Asylum seekers and migrants traveling through Central America and Mexico to the U.S. border face a range of risks, but women, girls, and other vulnerable groups—such as members of the LGBTQIA community—are confronted with additional threats to their health, safety, and well-being in their countries of origin, countries of transit, and in the U.S. As a result, asylum seekers and migrants who arrive at the U.S.–Mexico border often carry a heavy burden of trauma from experiences with violence. The lack of a system to appropriately support people on the move deepens pre-existing inequalities and exposes already vulnerable groups to additional, unnecessary, risks.

The U.S. Government’s Migrant Protection Protocols (MPP), also known as the “Remain in Mexico” policy, returns asylum seekers and migrants from U.S. custody to Mexican territory, compelling them to face months of risk and uncertainty as they wait to complete their asylum processes. The asylum process itself is challenging and unclear, liable to change without warning, and largely opaque to affected populations. The asylum seekers and migrants waiting in Mexico’s Ciudad Juárez city, along the Mexico–U.S. border, face ever-present threats of extortion, gender-based violence (GBV), and kidnappings, which compound their trauma and restrict their freedom of movement and access to critical resources and services. Trauma and fear were the norm of the population that CARE surveyed, not the exception.

Lack of access to complete and reliable information made it difficult for asylum seekers and migrants— including pregnant women and GBV survivors—to make knowledgeable decisions about navigating the asylum process or finding basic services, including health care. Moreover, CARE did not find any mechanisms that allowed asylum seekers and migrants to report concerns or complaints of exploitation and abuse operating at the time of research.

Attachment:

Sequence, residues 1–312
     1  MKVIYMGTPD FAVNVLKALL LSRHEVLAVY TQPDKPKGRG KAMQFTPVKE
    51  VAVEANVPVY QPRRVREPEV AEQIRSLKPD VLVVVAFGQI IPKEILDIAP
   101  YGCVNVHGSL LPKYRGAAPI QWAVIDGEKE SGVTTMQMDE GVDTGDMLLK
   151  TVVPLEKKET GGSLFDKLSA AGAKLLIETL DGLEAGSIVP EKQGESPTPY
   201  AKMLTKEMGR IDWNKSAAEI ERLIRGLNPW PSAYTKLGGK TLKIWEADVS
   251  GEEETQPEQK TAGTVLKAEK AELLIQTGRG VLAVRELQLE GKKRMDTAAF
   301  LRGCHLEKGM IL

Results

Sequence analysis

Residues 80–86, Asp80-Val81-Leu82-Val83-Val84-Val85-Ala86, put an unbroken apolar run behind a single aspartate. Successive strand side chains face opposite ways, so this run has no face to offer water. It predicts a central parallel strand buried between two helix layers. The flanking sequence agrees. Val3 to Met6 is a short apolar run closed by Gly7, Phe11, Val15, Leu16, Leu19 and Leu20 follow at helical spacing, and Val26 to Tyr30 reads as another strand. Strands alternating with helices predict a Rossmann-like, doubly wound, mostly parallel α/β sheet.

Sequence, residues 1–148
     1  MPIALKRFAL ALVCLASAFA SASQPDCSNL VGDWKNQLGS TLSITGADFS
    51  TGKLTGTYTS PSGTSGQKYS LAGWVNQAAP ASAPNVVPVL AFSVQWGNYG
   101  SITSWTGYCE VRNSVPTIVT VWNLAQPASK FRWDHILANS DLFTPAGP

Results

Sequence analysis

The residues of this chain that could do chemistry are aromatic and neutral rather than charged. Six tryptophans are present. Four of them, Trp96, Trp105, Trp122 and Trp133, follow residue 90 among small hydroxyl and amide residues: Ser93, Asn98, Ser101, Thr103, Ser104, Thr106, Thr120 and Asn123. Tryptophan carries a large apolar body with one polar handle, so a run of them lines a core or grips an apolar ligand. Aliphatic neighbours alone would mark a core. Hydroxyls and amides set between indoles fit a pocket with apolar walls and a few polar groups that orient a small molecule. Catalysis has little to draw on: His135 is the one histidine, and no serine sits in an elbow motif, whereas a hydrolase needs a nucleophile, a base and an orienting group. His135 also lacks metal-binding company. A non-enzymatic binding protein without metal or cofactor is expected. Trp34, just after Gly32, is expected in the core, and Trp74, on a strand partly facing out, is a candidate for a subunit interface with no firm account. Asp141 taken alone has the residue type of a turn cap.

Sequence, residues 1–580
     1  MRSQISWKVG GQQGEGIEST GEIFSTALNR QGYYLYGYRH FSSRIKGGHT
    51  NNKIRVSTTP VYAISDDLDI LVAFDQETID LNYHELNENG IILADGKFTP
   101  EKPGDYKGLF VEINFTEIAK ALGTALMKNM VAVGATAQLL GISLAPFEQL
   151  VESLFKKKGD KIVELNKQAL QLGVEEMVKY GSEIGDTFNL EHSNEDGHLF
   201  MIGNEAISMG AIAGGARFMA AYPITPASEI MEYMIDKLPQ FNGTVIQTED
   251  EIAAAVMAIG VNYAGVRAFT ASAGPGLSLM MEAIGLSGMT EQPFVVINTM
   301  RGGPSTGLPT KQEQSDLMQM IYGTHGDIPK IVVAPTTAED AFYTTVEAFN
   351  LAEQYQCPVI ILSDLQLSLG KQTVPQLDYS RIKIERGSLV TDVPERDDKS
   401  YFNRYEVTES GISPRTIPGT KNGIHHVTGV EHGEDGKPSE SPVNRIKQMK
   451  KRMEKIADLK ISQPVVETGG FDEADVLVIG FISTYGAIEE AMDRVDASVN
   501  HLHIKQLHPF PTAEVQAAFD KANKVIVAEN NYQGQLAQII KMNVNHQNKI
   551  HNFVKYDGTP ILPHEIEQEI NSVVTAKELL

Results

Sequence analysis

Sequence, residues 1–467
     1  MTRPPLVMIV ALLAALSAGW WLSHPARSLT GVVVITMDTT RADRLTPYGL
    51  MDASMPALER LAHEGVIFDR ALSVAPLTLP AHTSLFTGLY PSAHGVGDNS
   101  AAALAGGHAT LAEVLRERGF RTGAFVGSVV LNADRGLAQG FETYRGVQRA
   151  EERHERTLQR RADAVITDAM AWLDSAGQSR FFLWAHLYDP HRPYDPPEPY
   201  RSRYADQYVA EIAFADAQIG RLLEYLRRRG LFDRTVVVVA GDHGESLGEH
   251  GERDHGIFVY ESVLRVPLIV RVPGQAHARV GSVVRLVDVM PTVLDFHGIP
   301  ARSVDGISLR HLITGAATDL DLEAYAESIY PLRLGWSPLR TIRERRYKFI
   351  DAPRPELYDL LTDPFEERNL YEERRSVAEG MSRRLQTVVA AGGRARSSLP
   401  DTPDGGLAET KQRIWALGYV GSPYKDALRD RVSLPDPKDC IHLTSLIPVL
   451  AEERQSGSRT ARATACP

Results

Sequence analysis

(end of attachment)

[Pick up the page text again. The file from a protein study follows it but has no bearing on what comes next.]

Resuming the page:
At no point has there been a deliberate effort—by government authorities, policy makers, or those providing the scant services that exist—to systematically assess vulnerabilities and mitigate the risk of harm to at-risk groups. On the contrary, the lack of risk mitigation efforts has allowed several actors to emplace policies that put migrants and asylum seekers at increased risk of harm. For example, asylum seekers and migrants returned from U.S. detention to Mexico are often easily identified by visible markers of their detention, including a lack of shoelaces and the bags that they are issued to carry personal items. This visibility renders asylum seekers and migrants more vulnerable to detention or forced recruitment by armed groups, as well as kidnappings, which at times have taken place on the street directly outside the release area in plain sight of authorities. Read More...

Nepal COVID-19 Rapid Gender Analysis

Since the onset of the global Coronavirus Pandemic, the Ministry of Women, Children and Senior Citizens (MoWCSC) identified the need to highlight the gender and intersectional impacts of the COVID-19 crisis. A Rapid Gender Analysis (RGA) was conducted to understand the gender differential impact of COVID-19 on vulnerable and excluded groups. The RGA was also conducted to comprehend how existing gender and social inequalities have been exacerbated by the pandemic in the community and in quarantine situations in Nepal.
The RGA was jointly conducted under the leadership of MoWCSC along with UN WOMEN, Save the Children, with CARE Nepal being the technical management lead. The study was conducted using an Intersectional Approach. Along with primary data collection and analysis, the study was also based on the analysis of 50 secondary documents using the Maxqda software from 31 May to 17 June, 2020. Read More...